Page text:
Looking ahead to the 1996 season, Peter G. Angelos was obsessed with one thing: bringing a World Series to Orioles fans.

Immediately following the 1995 campaign, Angelos fired manager Phil Regan and “accepted the resignation” of Roland Hemond, who was actually forced out, along with Frank Robinson, who was glad to leave the Orioles at that point and wound up working for commissioner Bud Selig in the MLB office.

Angelos was clearly running every aspect of the Baltimore Orioles at this point and was quite brazen in the media regarding his daily involvement. He bragged that he had enough time to run a law firm that was netting more than $15 million per year in personal income for him at the time and a MLB team on the side. Now with all of the “baseball people” gone except for his self-appointed farm director Syd Thrift, Angelos needed a new manager and a new general manager. He had already developed quite a reputation in the insulated, incestuous world of baseball men and lifers. He had owned the team for less than 24 months and had already pissed off every one of his 27 MLB partners, upstaged Cal Ripken on the biggest night of his life on national television and chased off two managers and a total of five baseball men: Roland Hemond, Frank Robinson, Doug Melvin, Johnny Oates and Phil Regan. Together they spanned three generations of baseball and touched virtually everyone in the industry with their true stories of an owner who called a manager into his office and demanded – among other things – which third basemen would be in the lineup on any given night.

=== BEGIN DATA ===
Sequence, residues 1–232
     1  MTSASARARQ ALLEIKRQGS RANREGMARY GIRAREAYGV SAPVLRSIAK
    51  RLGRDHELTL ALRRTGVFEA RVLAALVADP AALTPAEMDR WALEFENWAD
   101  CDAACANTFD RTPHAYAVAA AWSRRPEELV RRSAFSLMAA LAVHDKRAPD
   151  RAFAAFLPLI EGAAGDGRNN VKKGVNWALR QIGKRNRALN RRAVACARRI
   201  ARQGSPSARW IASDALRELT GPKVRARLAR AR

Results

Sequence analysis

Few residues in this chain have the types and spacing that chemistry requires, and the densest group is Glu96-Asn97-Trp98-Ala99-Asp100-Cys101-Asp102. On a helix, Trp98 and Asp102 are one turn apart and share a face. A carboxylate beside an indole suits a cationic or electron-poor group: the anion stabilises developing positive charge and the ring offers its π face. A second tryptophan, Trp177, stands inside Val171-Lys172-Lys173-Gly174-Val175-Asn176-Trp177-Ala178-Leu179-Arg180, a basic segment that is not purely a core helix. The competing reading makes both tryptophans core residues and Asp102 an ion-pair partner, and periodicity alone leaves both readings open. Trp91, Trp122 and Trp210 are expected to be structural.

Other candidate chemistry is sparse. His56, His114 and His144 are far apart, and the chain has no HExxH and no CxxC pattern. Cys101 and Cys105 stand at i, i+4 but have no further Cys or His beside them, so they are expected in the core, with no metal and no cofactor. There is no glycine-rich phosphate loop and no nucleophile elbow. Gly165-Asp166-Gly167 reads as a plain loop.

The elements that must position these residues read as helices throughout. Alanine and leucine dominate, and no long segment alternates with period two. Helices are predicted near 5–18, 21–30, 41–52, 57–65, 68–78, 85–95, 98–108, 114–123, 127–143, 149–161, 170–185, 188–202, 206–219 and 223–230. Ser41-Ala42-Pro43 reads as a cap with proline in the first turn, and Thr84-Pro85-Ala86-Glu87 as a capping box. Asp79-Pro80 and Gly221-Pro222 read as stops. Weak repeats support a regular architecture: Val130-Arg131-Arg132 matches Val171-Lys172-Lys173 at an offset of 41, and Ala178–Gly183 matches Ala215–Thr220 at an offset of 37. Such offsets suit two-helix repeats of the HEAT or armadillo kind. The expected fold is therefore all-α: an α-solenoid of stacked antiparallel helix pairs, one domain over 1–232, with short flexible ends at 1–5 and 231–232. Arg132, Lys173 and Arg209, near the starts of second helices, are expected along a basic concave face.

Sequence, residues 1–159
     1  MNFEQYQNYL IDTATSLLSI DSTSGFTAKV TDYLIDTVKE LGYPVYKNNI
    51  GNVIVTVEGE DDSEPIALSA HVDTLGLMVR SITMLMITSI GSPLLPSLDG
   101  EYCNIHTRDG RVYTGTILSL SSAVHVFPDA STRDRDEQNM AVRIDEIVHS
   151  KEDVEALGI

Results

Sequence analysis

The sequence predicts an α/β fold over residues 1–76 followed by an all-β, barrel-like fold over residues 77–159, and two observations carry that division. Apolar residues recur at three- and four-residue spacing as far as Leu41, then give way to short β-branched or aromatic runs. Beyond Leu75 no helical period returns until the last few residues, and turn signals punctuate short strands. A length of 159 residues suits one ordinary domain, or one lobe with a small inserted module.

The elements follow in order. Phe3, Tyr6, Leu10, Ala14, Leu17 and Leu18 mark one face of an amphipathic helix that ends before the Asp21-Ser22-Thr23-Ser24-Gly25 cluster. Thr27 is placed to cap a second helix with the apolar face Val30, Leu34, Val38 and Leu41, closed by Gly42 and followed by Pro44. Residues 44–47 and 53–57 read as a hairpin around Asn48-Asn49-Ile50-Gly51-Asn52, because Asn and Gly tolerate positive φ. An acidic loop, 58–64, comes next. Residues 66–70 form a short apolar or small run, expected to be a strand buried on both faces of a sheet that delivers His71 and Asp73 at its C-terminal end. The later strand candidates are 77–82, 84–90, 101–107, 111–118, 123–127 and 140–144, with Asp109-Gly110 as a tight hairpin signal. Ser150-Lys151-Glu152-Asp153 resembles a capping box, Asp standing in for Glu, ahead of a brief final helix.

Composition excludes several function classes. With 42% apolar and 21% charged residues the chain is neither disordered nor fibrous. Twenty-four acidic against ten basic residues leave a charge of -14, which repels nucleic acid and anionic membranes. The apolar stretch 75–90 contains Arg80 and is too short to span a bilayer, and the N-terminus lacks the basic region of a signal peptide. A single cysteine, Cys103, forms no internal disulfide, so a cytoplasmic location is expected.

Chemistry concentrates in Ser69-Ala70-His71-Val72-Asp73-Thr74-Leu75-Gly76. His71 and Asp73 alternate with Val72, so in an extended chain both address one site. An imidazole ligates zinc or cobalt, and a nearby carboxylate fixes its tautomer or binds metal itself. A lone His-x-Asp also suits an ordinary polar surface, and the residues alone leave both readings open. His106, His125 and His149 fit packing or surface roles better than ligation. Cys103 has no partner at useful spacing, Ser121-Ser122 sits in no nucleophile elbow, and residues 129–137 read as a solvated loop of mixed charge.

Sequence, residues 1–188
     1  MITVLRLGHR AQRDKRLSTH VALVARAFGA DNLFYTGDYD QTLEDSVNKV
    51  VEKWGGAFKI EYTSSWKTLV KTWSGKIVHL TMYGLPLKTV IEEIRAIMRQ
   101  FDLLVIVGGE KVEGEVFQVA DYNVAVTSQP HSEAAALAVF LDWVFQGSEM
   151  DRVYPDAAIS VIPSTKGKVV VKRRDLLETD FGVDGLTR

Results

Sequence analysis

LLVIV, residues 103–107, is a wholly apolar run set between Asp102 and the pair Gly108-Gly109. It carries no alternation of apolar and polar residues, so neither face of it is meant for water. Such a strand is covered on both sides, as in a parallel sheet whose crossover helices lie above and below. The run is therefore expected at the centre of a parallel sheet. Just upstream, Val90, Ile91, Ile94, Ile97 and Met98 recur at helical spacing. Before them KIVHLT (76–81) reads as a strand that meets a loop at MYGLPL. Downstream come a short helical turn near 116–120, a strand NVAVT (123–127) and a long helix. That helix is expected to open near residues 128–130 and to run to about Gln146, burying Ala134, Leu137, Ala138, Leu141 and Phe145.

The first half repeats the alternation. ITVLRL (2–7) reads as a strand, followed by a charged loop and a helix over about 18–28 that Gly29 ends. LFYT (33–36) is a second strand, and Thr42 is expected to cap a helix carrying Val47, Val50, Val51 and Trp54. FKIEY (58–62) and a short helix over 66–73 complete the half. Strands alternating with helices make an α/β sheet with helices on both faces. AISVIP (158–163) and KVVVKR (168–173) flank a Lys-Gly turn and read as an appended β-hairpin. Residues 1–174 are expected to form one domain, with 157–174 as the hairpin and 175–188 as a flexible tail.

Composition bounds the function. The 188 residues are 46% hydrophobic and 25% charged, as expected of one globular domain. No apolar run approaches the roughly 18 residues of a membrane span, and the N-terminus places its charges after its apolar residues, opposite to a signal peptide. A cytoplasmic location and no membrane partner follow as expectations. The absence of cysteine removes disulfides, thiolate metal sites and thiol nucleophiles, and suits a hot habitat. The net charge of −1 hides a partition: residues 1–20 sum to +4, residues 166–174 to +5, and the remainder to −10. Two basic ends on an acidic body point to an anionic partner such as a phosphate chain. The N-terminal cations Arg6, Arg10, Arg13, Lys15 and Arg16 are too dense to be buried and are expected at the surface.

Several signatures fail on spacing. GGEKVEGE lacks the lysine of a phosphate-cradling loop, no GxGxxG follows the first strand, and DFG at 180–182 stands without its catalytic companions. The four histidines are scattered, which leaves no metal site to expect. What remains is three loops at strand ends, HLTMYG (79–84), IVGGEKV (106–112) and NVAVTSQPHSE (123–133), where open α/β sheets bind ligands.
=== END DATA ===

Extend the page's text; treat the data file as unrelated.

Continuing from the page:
A year earlier Davey Johnson, a former Orioles second baseman and World Series champion as manager of the 1986 New York Mets, was interviewed by Angelos and his internal committee that included Joe Foss and team lawyer Russell Smouse, but they instead selected Phil Regan, who they thought would be a hot commodity the previous year and whom never was given much of a chance under Angelos.

Johnson, who had a storied reputation for being snarky, cunning and anti-authority, took a shot at Angelos 12 months earlier when he didn’t get the job: “I heard they wanted an experienced manager and a proven winner. That’s why I interviewed for the job. But I guess that’s not what they wanted, right?” he told the media when he was clearly disappointed that he wasn’t selected in October 1994.

Now, after a disastrous year on the field in 1995 under Regan, Johnson’s name surfaced again and Angelos wasted no time in complementing the decorated yet difficult managerial prospect stating, “His baseball knowledge is impressive, and his strong background with the Orioles came through.” Johnson, meanwhile backtracked from any contentiousness in an effort to get the job: “I enjoyed meeting Peter,” he said. “You read stories about the Big Bad Wolf, but he was really nice.”